The world was a different place in 1908 when businessman Robert E. Brandeis founded Brandeis Machinery & Supply Company in Louisville, Kentucky. The United States consisted of only 46 states. Men like Frederick Cook and Robert Peary were trying to tame a new frontier: the North Pole. Henry Ford sold the first Model T Ford. A British company discovered oil in what was then Persia and is now Iran.
And yet, America was strikingly similar. People used the telephone, electricity and Hoover vacuums. They rode subways and drank Coke and Pepsi. The Chicago Cubs won the World Series. President Teddy Roosevelt worried about the environment and diminishing natural energy sources.
Brandeis’ company history echoed, on a smaller scale, this country’s growth and adaptation to change. From a 2,000-sq.-ft. storefront with two employees, Brandeis has expanded to approximately 300 employees at 9 locations in two states and reports millions in volume annually from sales, rentals and service of construction and mining equipment.
Brandeis is a subsidiary of Bramco, Inc., headquarterd in Louisville, Kentucky, along with Power Equpiment Company, headquartered in Knoxville, Tennessee. Bramco is one of the largest multi-state construction, mining and material handling equipment distributors with 15 full-service branches throughout Kentucky, Indiana, Tennessee and northern Mississippi. Together the orgainization employs approximately 520 employees.
Change started early for the young company. After Brandeis’ death in 1924, J.A. Paradis Sr., a Massachusetts transplant who had joined the company as a sales representative in 1917, assumed ownership of the company. Three generations of the Paradis family have guided the company through decades of rapid technological development and world-shattering events, helping Brandeis thrive and grow through evolution and diversification.
The challenge began only a few short years after Paradis took over, when the country was plunged into depression. However, Jay Paradis, grandson of J.A. Paradis Sr. and chairman of Bramco, reports that the company has lost money in only two of its 100 years: once during the Great Depression and once in the early 1990s. In fact, he considers WWII a greater challenge to the company because the construction equipment manufacturers shifted production from equipment to tanks and airplanes to support the War. As Jay stated, the lack of new inventory to sell forced them to turn to renting equipment. For the duration of the War, Brandeis rented equipment — and it wasn’t the last time the forward-thinking company successfully turned to rental.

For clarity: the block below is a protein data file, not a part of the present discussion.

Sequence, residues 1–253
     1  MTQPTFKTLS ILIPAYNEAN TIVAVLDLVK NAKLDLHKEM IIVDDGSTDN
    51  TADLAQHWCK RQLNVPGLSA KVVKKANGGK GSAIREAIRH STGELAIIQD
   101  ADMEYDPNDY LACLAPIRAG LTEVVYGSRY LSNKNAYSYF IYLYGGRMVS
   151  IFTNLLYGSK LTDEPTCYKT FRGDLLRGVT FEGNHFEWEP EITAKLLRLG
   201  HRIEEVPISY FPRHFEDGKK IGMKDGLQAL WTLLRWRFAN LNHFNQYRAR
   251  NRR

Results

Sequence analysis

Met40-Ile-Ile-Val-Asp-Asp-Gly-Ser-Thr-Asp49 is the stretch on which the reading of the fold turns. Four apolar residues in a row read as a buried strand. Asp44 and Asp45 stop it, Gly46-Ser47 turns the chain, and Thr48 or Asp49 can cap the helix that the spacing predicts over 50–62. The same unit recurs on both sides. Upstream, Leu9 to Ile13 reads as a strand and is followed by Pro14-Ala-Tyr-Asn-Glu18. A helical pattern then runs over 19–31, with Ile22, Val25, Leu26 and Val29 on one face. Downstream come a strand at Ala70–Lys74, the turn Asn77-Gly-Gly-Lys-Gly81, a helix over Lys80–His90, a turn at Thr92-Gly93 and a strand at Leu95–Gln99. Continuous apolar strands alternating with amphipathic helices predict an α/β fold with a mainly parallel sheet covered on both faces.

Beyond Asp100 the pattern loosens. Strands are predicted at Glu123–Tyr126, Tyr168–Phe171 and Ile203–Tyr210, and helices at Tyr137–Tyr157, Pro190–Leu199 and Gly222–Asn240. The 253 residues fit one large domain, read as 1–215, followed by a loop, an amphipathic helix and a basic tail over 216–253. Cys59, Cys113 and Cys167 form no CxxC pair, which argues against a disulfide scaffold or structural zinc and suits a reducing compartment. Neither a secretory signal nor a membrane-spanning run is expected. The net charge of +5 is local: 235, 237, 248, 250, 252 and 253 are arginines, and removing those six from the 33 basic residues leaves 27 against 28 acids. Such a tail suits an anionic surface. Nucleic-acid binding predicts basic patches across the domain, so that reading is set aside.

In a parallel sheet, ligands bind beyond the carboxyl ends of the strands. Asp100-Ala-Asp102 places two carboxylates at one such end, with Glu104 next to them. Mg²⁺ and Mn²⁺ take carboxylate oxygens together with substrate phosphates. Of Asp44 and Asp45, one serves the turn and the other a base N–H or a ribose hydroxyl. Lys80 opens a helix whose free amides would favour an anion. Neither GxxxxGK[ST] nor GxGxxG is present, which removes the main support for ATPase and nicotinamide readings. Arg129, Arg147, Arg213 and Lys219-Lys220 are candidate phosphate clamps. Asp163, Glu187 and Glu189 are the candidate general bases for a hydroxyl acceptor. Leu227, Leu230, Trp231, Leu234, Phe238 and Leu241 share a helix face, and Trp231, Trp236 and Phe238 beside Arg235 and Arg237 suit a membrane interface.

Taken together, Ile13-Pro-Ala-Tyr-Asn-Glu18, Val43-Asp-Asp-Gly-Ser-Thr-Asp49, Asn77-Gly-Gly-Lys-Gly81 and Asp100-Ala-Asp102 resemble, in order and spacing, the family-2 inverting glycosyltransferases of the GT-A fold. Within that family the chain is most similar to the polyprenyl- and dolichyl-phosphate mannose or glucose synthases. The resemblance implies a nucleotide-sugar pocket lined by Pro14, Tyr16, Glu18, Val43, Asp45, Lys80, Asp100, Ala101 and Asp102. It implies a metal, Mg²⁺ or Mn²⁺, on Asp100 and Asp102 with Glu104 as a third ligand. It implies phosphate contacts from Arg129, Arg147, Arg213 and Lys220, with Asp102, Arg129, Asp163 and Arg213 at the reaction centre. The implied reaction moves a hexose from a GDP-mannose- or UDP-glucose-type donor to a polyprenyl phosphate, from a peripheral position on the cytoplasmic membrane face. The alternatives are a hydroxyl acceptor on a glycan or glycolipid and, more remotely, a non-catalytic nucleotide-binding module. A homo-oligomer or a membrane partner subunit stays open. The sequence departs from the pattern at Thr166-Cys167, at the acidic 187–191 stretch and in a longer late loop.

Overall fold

In 1966 Brandeis formed Rental Equipment Service Company, or Resco Rents (sold in 1997 to Prime Equipment Company). “Resco was into small and medium rentals,” recalls Gene Snowden Jr., president and COO of Brandeis. “Resco could provide its customers with all of their industrial rental needs.” Resco grew to become the sixth largest rent-to-rent business in the United States, according to Rental Equipment Register. However, bigger rental companies held a strategic advantage through buying power. Resco’s economic formula began to deteriorate, therefore, was sold at the peak of the buying frenzy.
It turned out to be only a temporary break from the rental business, as Brandeis once again adapted to changing times and needs. Having discovered that the rental needs of some customers weren’t being met by traditional rent-to-rent options, and after sitting out three years to honor a no-compete clause, Brandeis jumped back into the rental business, this time in a new way: rental inside the distributorship. Brandeis developed Certified Rental® to rent large equipment for earth-moving jobs. The focused rental effort targets hard-to-find large equipment — excavators, articulated trucks, bulldozers and wheel loaders — machines used on earth moving jobs.
The Depression impacted all businesses, but Paradis considers the closing of International Harvester in 1979 a blow to Brandeis because it represented 70 percent of the company’s business. “Our main dirt line was International Harvester,” Paradis stated. What could have been a crippling blow served instead to foster growth when Brandeis adapted by diversifying its product lines. Brandeis became a Komatsu dealer in 1980 and is now one of Komatsu’s largest equipment distributors.
Although Komatsu is its primary earth-moving equipment line since the 1970s, in 1912 Brandeis represented Ingersoll-Rand (IR) drill group and later added IR compaction and paver groups. When IR split up its divisions, Brandeis became a dealer for Atlas Copco, which purchased the IR drill group. “For our crane and material handling division, we carry Sennebogen, Kobelco, Tadano, Terex and Mantis.”
A relatively new account for Brandeis is the Wirtgen Group. Wirtgen road construction products include Wirtgen milling machines, Vögele pavers and Hamm rollers. Other manufacturers Brandeis represents include: Bobcat, Genesis, Gorman Rupp, Wacker-Neuson, Gomaco, Etnyre and Tramac.
Growth and Recognition